A celebration of the LGBTQ community (lesbian, gay, bisexual, transgender, non-binary & queer), Pride Parades were built from humble, yet historic beginnings. While it is a celebration, it is also a reminder of one of the most significant events that led to the Gay Liberation Movement. The Pride Parades take place at the end of June every year, near the anniversary of the Stonewall Uprising (also known as the Stonewall riots).
Taking place in 1969 from June 28 to July 3, The Stonewall Uprising refers to an incident that happened in New York City. At the time, there was a general anti-gay sentiment within the legal system and it was common practice to raid gay bars and make things difficult for the community. On the night of June 28, the police decided to raid the Stonewall Inn, a popular gay bar in Greenwich Village, and instead of accepting it, the patrons decided to fight back. While the main part of the riots took place on the first two nights and involved over 1,000 supporters, the uprising lasted until July 3. The aftermath helped band together the gay community and began a movement that continues to this day.
So, while Gay Pride is a fun celebration with parades, concerts and parties, it has a much deeper meaning as it represents the the beginning of the gay rights movement and the fight for equality in the LGBTQ community today.
The beginning of Gay Pride
Just a year after the Stonewall Uprising, the first pride marches were held in San Francisco, New York, Chicago and Los Angeles. The initial events were much smaller and more of an activist event than a celebration, but every year, the movement grew and so did the crowds. Gay Pride is celebrated all over the world with the biggest events happening in New York City, São Paulo, Madrid, San Francisco, Cologne and Toronto.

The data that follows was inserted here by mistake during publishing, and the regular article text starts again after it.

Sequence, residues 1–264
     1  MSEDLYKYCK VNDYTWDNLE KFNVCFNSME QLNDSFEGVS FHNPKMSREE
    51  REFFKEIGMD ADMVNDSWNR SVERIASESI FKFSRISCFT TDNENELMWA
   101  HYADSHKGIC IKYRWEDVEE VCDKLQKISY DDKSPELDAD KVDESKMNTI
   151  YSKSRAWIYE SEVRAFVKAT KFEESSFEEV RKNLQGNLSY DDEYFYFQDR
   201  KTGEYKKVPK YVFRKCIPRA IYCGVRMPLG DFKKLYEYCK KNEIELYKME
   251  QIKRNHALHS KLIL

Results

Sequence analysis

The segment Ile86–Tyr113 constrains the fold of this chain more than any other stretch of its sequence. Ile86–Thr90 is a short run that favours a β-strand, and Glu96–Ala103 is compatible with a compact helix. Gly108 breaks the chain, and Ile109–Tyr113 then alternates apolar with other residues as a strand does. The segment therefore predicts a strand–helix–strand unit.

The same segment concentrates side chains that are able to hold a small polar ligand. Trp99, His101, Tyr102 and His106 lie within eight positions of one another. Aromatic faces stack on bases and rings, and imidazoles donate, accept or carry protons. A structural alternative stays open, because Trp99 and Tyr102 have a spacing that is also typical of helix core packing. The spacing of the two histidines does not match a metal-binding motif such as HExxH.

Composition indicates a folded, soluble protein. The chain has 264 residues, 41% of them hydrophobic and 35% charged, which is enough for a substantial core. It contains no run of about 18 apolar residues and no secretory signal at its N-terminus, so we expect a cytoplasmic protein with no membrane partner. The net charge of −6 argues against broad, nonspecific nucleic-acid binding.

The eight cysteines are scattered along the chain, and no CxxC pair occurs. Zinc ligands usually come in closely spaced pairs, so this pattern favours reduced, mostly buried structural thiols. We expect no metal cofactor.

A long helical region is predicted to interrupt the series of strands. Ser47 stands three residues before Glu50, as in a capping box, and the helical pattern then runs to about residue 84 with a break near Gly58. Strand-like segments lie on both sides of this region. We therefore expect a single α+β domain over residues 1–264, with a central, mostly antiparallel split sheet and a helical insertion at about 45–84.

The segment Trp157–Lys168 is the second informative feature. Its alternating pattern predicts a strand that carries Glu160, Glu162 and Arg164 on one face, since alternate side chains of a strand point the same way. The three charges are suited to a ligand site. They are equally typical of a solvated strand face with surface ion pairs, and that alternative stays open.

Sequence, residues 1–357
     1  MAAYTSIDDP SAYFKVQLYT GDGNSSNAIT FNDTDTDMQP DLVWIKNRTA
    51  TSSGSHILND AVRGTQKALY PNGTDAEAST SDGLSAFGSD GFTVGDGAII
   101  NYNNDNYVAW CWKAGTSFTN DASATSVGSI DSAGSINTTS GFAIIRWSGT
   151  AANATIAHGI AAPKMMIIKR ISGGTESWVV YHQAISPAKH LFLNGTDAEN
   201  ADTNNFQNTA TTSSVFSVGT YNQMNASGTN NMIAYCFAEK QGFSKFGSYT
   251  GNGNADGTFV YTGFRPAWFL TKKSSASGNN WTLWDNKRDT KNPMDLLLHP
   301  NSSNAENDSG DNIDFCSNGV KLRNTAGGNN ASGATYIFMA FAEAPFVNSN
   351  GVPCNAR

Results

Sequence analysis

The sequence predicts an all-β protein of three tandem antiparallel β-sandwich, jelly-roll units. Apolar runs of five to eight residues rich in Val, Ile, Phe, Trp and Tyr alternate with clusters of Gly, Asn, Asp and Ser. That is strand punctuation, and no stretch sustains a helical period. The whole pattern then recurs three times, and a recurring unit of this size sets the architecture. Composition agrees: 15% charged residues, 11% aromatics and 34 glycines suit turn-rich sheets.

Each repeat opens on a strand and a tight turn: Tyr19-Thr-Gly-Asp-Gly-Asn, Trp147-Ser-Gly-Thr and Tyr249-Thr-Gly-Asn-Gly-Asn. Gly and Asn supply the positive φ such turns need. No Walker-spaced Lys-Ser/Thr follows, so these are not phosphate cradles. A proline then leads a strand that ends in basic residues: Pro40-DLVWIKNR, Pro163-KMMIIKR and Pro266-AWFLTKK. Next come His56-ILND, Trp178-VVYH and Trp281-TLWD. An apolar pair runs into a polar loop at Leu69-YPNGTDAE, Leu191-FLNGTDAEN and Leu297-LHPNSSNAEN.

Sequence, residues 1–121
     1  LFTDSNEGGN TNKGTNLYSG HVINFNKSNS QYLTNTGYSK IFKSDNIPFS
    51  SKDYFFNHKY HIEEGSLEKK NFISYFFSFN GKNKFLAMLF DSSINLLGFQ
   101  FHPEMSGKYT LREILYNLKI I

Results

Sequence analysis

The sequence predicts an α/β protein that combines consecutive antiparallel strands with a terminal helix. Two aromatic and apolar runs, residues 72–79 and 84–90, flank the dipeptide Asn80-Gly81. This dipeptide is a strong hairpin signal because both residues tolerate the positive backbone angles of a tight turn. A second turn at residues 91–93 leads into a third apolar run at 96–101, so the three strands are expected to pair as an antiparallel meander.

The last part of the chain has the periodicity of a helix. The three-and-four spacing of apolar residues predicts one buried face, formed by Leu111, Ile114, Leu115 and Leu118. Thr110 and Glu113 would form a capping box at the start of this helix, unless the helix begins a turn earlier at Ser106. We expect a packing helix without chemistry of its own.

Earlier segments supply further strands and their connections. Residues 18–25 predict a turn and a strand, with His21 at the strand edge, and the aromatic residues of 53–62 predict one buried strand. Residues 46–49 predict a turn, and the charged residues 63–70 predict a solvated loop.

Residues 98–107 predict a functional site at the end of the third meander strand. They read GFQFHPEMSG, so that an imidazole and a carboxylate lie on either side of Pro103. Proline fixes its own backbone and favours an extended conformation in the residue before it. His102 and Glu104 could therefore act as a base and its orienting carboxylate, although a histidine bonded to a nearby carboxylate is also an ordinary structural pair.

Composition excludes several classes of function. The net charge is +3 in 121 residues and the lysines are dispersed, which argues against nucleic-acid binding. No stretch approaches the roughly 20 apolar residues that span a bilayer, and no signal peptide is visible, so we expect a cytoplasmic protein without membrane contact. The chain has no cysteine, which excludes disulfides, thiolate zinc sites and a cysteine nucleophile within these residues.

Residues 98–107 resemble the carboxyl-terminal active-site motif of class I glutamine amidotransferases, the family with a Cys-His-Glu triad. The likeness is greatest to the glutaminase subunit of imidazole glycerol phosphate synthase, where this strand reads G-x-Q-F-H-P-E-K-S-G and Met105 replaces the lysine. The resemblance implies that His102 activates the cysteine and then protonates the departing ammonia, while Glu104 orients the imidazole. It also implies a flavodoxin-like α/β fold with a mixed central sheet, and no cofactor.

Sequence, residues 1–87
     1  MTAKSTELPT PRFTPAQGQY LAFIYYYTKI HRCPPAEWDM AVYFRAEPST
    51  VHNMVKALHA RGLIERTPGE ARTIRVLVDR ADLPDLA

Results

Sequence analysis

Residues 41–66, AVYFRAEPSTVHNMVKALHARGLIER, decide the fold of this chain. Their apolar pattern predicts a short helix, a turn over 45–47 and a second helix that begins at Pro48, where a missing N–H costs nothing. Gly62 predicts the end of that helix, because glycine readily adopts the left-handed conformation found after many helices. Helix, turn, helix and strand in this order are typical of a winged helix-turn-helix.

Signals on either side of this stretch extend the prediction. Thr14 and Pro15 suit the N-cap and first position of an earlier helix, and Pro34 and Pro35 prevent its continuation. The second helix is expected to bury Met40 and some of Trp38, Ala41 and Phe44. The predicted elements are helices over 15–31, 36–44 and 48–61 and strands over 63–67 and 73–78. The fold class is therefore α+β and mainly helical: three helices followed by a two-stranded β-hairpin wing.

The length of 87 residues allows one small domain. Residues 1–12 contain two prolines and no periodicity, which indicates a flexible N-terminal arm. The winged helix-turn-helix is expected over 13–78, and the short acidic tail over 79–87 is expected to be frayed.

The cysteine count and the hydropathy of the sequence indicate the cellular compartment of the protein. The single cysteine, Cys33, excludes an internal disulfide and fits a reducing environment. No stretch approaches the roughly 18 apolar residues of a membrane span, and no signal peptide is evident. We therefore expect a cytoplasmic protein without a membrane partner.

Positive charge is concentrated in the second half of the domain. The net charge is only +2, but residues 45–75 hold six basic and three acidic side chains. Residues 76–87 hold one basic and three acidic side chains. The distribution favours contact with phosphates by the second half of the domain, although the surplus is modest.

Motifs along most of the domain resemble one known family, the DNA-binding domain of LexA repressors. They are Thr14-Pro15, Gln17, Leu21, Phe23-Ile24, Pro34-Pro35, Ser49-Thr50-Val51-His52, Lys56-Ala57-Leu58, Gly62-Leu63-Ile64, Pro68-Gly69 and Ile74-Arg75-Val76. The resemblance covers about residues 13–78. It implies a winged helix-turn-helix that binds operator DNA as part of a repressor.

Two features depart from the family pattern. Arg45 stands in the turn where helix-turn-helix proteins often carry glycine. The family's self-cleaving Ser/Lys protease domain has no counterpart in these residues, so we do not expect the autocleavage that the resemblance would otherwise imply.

San Francisco has one of the largest Gay Pride Festivals in the world with an estimated 750,000 to 1 million people attending every year. The event takes place over two days (Gay Pride Weekend) with a huge variety of events and activities on both Saturday and Sunday. Everything kicks off at Civic Center Plaza with over 200 exhibitors and contingents as well as throughout the city at over 20 venues and community-run stages. The Castro neighborhood in San Francisco becomes the epicenter of the event during the evening with attendees pouring out of bars, restaurants and nightclubs, The Pride Parade takes place on Sunday morning, starting at 10:30am. The parade runs along Market Street from Steuart St to 8th St and features thousands of participants, floats, community groups, live music and more. While the parade is the largest part of the event, you can also attend the Dyke March and Trans March.